Costume Designer Repairs Broken Wing of Butterfly, Makes It Look Like It Was Never Injured

Costume designer Romy McCloskey recently used the skills the precision work of her hand embroidery and embellishments to help save the life of an injured Monarch butterfly. Raising and releasing these beautiful creatures is a pastime that many have taken up in an effort to save the species, which is decreasing in population. McCloskey recently began her involvement with Monarchs after finding a few caterpillars in her yard this past autumn.

At just three days old, McCloskey gave this injured butterfly a new lease on life by repairing its broken wing. The injury was sustained while it was pupating, the final stage of development before an adult butterfly emerges from the chrysalis. In this state, the insect would be unable to fly, as butterflies rely on wing symmetry to aid in their flight. And with a short lifespan of just two to six weeks for most Monarch butterflies, they are done with their growth once they emerge as adults.

Luckily, using a delicate touch, there are ways to help that don't require any special tools. After watching a video her friend had sent her, McCloskey felt up to the task. “I figured, since I do so much designing, cutting, and putting together of costumes… I could give this a go.”

Follow along to see how the surgery went, and what became of this little guy afterward!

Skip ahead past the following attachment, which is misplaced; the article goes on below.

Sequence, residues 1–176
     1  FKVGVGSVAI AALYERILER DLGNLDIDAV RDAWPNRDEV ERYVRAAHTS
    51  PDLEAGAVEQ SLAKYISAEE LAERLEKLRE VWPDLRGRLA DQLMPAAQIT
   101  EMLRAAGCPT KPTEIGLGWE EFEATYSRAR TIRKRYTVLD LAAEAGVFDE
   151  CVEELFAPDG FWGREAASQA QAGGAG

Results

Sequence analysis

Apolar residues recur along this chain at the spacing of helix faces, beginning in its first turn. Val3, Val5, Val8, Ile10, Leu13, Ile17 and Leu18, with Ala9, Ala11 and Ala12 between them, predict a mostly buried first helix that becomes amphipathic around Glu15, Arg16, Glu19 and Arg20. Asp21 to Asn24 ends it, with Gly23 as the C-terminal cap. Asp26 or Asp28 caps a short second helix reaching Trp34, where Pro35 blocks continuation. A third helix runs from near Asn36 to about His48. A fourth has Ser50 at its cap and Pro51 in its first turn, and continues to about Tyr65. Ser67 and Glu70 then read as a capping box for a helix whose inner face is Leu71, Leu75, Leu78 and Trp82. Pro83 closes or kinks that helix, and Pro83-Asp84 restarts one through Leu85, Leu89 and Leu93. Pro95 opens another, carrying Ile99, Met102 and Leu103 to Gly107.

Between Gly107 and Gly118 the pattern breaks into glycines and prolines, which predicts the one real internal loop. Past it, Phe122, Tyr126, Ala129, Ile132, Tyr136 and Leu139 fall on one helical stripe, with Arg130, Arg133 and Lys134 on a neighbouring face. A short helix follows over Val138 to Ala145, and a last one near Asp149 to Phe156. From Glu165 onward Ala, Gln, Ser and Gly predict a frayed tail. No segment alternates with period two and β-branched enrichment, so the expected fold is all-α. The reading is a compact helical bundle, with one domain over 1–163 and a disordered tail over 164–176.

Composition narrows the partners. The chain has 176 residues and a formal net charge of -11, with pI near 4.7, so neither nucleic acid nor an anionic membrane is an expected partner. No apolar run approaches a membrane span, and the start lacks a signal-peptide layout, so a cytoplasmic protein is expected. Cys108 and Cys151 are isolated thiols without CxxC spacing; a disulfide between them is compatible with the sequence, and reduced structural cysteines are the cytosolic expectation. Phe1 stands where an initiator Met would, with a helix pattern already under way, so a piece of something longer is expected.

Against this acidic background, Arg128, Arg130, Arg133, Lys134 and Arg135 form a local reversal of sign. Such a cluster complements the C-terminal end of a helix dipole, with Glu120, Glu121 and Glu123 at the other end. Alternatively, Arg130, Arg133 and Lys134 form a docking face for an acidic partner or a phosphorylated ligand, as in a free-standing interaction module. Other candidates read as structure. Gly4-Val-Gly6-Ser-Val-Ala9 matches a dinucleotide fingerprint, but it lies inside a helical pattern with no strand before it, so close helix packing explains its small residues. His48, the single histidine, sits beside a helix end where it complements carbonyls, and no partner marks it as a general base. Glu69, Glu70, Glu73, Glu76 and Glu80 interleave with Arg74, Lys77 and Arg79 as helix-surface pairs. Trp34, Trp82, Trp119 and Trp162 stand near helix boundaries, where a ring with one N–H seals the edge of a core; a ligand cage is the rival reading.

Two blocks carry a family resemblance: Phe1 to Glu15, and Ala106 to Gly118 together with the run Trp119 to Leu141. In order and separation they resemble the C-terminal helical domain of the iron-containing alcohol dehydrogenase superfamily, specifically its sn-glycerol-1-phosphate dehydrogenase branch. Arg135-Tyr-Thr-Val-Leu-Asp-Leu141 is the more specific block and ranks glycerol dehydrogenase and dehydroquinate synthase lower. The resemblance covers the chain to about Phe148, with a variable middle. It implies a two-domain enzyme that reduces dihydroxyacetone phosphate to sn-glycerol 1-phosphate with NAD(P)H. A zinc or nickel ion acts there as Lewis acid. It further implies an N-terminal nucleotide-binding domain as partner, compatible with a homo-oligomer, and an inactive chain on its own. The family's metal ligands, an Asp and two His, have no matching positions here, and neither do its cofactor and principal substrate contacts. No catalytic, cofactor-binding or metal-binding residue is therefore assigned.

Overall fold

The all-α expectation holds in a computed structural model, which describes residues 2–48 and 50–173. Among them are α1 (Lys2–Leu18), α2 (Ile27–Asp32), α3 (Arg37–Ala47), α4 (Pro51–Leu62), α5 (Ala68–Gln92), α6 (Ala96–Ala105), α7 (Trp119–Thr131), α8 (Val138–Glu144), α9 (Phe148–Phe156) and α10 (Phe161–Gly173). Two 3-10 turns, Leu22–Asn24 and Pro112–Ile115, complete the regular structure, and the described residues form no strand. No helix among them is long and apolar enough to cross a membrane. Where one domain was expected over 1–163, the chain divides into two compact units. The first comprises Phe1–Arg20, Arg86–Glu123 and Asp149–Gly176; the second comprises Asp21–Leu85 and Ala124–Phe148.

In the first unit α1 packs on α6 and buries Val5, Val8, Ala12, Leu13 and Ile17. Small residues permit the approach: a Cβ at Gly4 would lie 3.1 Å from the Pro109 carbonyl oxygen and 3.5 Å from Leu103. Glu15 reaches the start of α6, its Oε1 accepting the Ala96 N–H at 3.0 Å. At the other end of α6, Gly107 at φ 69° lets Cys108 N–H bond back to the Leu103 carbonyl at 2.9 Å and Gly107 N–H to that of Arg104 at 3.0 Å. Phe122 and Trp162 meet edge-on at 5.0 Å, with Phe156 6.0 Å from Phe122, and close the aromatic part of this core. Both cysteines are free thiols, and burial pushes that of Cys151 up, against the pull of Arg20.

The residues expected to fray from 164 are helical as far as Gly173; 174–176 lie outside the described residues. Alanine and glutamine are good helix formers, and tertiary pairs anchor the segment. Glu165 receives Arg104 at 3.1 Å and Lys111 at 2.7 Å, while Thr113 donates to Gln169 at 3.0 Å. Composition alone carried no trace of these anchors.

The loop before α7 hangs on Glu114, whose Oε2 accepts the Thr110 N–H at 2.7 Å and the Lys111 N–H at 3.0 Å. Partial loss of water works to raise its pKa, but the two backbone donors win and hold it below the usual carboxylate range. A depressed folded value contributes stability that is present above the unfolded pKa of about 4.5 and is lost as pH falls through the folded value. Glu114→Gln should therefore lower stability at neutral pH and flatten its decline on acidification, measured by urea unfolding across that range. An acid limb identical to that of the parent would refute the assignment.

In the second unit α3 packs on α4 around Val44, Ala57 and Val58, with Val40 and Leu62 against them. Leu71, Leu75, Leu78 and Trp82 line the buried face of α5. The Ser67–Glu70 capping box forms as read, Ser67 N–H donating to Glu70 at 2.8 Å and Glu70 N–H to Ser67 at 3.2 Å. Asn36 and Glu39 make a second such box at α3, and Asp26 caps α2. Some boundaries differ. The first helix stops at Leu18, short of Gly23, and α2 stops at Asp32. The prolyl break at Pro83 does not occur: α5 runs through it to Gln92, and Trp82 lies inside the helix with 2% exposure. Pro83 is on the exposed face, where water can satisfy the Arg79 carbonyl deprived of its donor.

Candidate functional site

“The patient. Sweet boy had damaged upper and lower wings.”

“The operating room. Towel, scissors, tweezers, talc, contact cement, toothpick, and my sweet girl who died earlier last week (for wings)”

“Securing the little guy down with the bent hanger, as I cut away the damaged pieces. Don't worry, it doesn't hurt. It's like trimming hair or nails.”

“Ta-da! He's finished! You can see that the black lines on his upper right wing don't match up 100%, and if you look at his lower right wing is missing the black dot that indicates male gender. Oh, and the white on his wing is the talc used to make sure any stray glue doesn't make the wings stick together.”

“Flight day!”

“A quick spin around the backyard, then a little rest on one of the bushes… then… like the down of a thistle… off he flew! My heart soared with him, for sure!”

This video demonstrates how Monarch butterfly wings can be repaired. Just be sure, if you attempt this, that you have a steady hand or you could cause more harm than good.

Romy McCloskey: Website | Facebook | Instagram
h/t: [Bored Panda]

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Jessica Stewart

Jessica Stewart is a Staff Editor and Digital Media Specialist for My Modern Met, as well as a curator and art historian. Since 2020, she is also one of the co-hosts of the My Modern Met Top Artist Podcast. She earned her MA in Renaissance Studies from University College London and now lives in Rome, Italy. She cultivated expertise in street art which led to the purchase of her photographic archive by the Treccani Italian Encyclopedia in 2014. When she’s not spending time with her three dogs, she also manages the studio of a successful street artist. In 2013, she authored the book 'Street Art Stories Roma' and most recently contributed to 'Crossroads: A Glimpse Into the Life of Alice Pasquini'. You can follow her adventures online at @romephotoblog.
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